Three Tips for Finding Your Design Vibe & Sticking to it.
Updated: Jan 29
People talk a lot about "character" when it comes to houses. Character! It's what makes a house a home. It's what gives your house value! Add some dormers. Renovate the kitchen! Bump out a bay window. Buy a house that's 100 years old. Or something like that.
The thing about character is that it's really not that elusive or expensive. You can slowly add character to your home by doing lots of small things along the way. (And you can do the big things, too, of course!) If you're like we were and bought a house that really didn't have much of a vibe to speak of, you have a blank slate. And that's exciting (and overwhelming sometimes.)
Before you start painting or tearing down walls or even changing out trim or listening to someone else tell you what they think you should do, it might be worthwhile to take a minute and figure out what your vibe is. Our approach to adding "character" into an otherwise character-less home over the years only worked when we finally figured out a few important things:
We had to figure out what our style was. I know that seems like a no-brainer but it's actually super important, especially if you're taking on a project as amorphous as trying to change the overall feel of your home. I think there are some important questions to ask yourself on the whole "find your style" journey. What kind of spaces are you drawn to? Would these spaces make any sense in my own life or would components of those spaces make more sense? What are the commonalities among the spaces you like? Finding some sort of mis-mash that speaks to you and your family is actually super fun but it takes time. We jokingly call our style "Scandinavian New England rustic". It's somewhere between a minimalist, Swedish cabin in the woods and an eclectic Vermont timber frame. Most of the colors in our home are calming neutrals to allow all of the wood elements to shine through (and to generally chill us all out). But we had fun with our kitchen and painted the bottom cabinets a bright blue danube. We wanted our home to be a solid, timeless sanctuary, but also reflect the fact that we're a young family with lots of energy to spare.
We had to know when to lean in. Leaning into your style will inevitably help shape your choices when it comes to your home. Here's an example: we hated our floors for years - they had been finished with an awful, generic orange-tinted poly and they were both shiny AF and worn to hell. We figured they were red oak judging from the color where the finish had worn off. Refinishing our floors was a massive project that we held off for a long time. It took us years to figure out what we wanted to finish our floors with - all the typical polys just didn't fit our style. We ultimately ended up using Rubio Monocoat and we're really freakin' glad we did. It's a 0% VOC hardwax oil wood finish that keeps the natural look and feel of the wood. Our floors aren't shiny! They're soft and feel amazing underfoot. If the kids or dog completely mess them up, you can easily sand and re-wax to blend it back in. The finish smelled faintly of honey going down and is super earth friendly. Our old floors (which are actually white oak) were brought completely back to life. If we hadn't really stuck to our style, we probably would have been swayed by other opinions into using the tried and true floor finishes. Now our floor is completely reflective (and adds to) the overall vibe and character of our home.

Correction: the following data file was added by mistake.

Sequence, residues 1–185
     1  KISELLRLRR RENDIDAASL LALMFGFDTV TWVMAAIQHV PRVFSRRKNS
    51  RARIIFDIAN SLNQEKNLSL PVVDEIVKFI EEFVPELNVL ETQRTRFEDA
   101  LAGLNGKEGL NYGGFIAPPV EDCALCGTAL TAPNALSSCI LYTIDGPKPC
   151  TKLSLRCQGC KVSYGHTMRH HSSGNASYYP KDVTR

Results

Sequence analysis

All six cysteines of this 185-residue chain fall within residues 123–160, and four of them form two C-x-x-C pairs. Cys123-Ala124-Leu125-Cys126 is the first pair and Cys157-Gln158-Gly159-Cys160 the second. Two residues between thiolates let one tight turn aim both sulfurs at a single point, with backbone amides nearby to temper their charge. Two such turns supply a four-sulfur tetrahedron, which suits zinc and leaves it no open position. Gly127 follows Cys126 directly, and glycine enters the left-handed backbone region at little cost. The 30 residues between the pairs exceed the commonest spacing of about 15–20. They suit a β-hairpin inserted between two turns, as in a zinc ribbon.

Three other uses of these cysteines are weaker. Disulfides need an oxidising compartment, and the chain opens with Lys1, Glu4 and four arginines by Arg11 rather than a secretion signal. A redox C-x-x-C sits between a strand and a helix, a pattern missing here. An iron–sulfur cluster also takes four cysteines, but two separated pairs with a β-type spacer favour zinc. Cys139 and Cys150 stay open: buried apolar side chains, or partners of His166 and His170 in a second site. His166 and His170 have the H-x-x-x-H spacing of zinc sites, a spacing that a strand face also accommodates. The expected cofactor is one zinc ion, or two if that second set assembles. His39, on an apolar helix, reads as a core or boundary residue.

And when to lean back. We've been in our 1200 square foot Cape for ten years now, slowly adding to our family (a big rescue dog and one son and then another). So maybe it's our personalities or maybe it's just the reality of living in a small space but one thing we've learned over the years, often the hard way, is that leaning back is really important. In America, our design aesthetic ends up being a result of a constant need to fit our stuff into our space. Buy more baskets! Add more furniture! Build more additions! We're all for projects and we, too, dream of adding a mudroom and expanding our kitchen but we've found over the years that often when we our home feels the most cluttered and chaotic it's not because we need more space. It's because we need less stuff and less forced design. We added really bright colors on our walls for years and it felt claustrophobic in our home. Lightening up and keeping a neutral palate has completely changed the vibe of certain spaces (especially our narrow hallway). I've fallen victim to over-engineered "organizational" systems for kids stuff. Special bookshelves, dozens of baskets, etc. It looks good for a hot second until it becomes more work to reorganize than to just shove the stuff back into a closet. Lean back from adding too many "solutions" into your home, lean back from design decisions that you may have made that don't serve you anymore. The character of your home will start to shine through.